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Kazu Kibuishi of Flight/Daisy Kutter/Copper fame does amazing sketches. I didn't buy anything this time around as I pretty much own everything, but Kazu was kind enough to do this sketch and also let me read through an Amulet draft -- there were some amazing pages in there (as expected). Amulet is an epic effort for Kazu. Book 1 will come out in Spring 2008 and will weigh in at 200+ pages. If I recall correctly, five whole books are planned, though Scholastic has only committed to two so far.

Bean's Song (Book 1)

This was one of those books that just caught my eye. Artist Travis Hanson was working on inking a print, it caught my eye, and next thing you know I have a book to read. It is an illustrated novel (think Stardust). Book 2 is coming out in a couple weeks, so if I like what I read I'll have even more to read. I was told by a Super-Con organizer that Travis Hanson will be there.

APE this weekend

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I'm hoping to make it to Alternative Press Expo (APE) in SF this weekend, but I may be too busy. Here's some of the Flight folks that will be in attendance (via Flight comics blog) :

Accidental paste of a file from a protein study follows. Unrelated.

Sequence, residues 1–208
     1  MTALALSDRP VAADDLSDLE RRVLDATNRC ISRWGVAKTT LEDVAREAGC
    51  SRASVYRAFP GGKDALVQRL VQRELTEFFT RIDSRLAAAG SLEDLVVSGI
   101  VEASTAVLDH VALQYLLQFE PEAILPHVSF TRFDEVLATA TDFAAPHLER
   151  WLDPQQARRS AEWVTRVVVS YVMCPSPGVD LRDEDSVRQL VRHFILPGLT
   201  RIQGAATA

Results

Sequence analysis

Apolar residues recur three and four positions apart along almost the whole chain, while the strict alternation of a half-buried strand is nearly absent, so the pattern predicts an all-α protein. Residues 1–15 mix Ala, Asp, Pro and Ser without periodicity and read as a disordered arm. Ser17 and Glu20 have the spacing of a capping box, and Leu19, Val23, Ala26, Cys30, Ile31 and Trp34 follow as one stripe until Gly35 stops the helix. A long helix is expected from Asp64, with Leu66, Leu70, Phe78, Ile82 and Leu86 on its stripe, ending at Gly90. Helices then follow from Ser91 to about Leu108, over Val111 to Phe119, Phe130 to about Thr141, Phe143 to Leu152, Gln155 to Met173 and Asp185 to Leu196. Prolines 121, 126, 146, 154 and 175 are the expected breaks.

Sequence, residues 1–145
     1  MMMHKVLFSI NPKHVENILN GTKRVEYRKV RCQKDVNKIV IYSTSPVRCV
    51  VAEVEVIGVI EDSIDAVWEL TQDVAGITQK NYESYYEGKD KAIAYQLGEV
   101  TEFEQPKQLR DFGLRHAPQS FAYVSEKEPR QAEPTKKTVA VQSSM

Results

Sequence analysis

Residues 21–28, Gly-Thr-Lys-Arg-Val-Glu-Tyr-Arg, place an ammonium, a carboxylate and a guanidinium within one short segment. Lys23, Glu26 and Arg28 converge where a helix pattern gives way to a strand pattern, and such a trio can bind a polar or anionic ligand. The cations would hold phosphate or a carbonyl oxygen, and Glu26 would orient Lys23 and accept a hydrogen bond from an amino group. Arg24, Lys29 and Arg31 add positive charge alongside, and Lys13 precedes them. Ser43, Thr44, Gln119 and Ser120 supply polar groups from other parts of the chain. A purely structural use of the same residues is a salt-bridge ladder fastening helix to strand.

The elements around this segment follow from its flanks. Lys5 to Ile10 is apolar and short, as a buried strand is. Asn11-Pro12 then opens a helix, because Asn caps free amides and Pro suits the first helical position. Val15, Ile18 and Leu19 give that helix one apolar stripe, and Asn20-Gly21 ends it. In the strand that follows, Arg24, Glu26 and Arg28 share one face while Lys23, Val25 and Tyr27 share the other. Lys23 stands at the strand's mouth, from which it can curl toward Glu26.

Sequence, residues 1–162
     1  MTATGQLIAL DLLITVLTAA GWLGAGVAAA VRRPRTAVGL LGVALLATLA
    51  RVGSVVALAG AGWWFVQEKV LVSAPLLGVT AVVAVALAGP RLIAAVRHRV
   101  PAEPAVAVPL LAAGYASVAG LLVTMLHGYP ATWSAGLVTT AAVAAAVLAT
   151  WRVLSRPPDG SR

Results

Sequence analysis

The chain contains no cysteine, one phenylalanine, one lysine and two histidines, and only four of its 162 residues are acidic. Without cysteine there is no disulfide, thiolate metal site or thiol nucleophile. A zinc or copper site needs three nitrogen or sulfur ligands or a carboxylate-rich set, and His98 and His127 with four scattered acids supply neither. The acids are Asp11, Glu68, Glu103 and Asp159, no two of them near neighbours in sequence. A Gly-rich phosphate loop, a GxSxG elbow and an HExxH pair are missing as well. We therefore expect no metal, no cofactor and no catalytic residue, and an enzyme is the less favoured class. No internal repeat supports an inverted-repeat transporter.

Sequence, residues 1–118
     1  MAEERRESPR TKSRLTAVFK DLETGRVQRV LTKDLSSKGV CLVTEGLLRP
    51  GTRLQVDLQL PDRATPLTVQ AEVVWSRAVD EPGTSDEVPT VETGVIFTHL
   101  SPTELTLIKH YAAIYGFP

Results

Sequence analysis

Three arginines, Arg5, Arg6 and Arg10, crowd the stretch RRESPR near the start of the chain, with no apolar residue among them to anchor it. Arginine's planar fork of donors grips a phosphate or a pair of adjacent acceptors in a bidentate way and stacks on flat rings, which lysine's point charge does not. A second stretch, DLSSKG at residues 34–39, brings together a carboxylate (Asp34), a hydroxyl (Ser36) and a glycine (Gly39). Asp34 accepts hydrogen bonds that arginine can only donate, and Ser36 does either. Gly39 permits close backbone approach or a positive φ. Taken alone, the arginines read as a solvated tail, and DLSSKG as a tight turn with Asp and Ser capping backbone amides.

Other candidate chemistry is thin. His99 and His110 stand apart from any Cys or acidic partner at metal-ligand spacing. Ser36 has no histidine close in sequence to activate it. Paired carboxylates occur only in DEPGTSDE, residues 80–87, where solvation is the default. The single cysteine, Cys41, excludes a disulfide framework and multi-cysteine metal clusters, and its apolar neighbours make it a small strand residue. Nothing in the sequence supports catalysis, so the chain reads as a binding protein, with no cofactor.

Hope Larson (Special Guest; table 123) Derek Kirk Kim (table 124) Lark Pien (table 439) Kazu Kibuishi Amy Kim Ganter Chris Appelhans Vera Brosgol Jen Wang Dylan Meconis Erika Moen …and Graham Annable, Scott Campbell and the rest of the Hickee gang!

All set for the housewarming

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I've managed to put the finishing touches on my computer setup, which just about covers everything I needed to do to get everything in order for the housewarming -- d's got all the other stuff covered. We were running out of wall space, so I was a bit worried as to where I was going to hang my biggest Comic-Con acquisition, an Usagi drawing by Stan Sakai, when I saw this nice big blank space on the side of my computer. A couple minutes later I had the setup you see here:

I'll get a better scan of the drawing (as well as all the other Comic-Con goods) when I have a bit more time.